Human-caused global warming has exacerbated California's extreme four-year drought by as much as 25 percent, according to a new study that is just the latest to link the abnormally dry conditions with man-made climate change.
The study by Columbia University's Lamont-Doherty Earth Observatory, published Thursday in the journal Geophysical Research Letters, suggests that within a few decades, continually increasing temperatures and resulting moisture losses will push California into even more persistent aridity.
The current drought—dubbed by scientists to be the worst on record, sparking wildfires and devastating the state's agricultural sector—has been primarily caused by natural weather variations, experts say.
But the Columbia researchers say rising temperatures, which have crept up "in step with building fossil-fuel emissions," are making things worse by driving moisture from plants and soil into the air.
"A lot of people think that the amount of rain that falls out the sky is the only thing that matters," said lead author A. Park Williams, a bioclimatologist at Columbia. "But warming changes the baseline amount of water that's available to us, because it sends water back into the sky."
He explained further to Al Jazeera America: "Rising temperatures mean we have to get more rain just to break even. Each raindrop and each snowflake is a little less valuable."
Moreover, while rain is expected to resume as early as this winter, "as time goes on, precipitation will be less able to make up for the intensified warmth," Williams added. "People will have to adapt to a new normal."
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The paper adds to growing a body of evidence, though scientists say it is the most specific look at the question yet. A study issued in March by Stanford University concluded that human-driven global warming had intensified Calfornia's drought and would likely lead to increased droughts in the future; while a paper by scientists from Lamont-Doherty and Cornell University, published this February, warned that climate change will push much of the central and western United States into its driest period for at least 1,000 years.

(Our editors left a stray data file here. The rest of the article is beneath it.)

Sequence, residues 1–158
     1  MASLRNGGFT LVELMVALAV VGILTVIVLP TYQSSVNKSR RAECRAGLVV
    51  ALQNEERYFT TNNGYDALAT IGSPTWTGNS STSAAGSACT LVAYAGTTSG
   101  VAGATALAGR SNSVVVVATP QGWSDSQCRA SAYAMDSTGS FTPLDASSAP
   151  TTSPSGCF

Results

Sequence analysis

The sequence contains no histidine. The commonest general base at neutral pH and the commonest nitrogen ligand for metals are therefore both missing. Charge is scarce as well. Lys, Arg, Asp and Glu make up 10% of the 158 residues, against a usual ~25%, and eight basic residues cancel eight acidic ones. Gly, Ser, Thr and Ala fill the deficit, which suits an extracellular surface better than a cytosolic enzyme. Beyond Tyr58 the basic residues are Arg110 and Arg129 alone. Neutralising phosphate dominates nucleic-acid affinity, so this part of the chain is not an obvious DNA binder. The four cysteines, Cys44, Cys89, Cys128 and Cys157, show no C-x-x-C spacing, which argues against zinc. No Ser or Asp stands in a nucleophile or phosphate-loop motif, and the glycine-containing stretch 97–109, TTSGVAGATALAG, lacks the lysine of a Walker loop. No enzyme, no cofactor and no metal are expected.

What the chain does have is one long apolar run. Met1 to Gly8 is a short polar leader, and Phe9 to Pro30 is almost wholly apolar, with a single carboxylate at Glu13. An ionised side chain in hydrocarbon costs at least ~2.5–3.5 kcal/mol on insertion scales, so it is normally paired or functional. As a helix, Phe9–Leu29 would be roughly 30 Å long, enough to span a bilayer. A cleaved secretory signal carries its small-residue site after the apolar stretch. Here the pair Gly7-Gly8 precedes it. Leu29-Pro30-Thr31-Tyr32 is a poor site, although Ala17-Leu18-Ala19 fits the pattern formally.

Furthermore, writes the New York Times, the Columbia study "provides fresh scientific support for political leaders, including President Obama and Gov. of California, who have cited human emissions and the resulting global warming as a substantial factor in the drought. They have been attacked for that stance by Republicans who question the science of climate change."
Speaking to the paper's significance, Jonathan Overpeck, co-director of the Institute of the Environment at the University of Arizona, said: "It's important to have quantitative estimates of how much human-caused warming is already making droughts more severe."
And, he added, "it's troubling to know that human influence will continue to make droughts more severe until greenhouse gas emissions are cut back in a big way."
Watch Williams discuss his research in the video below: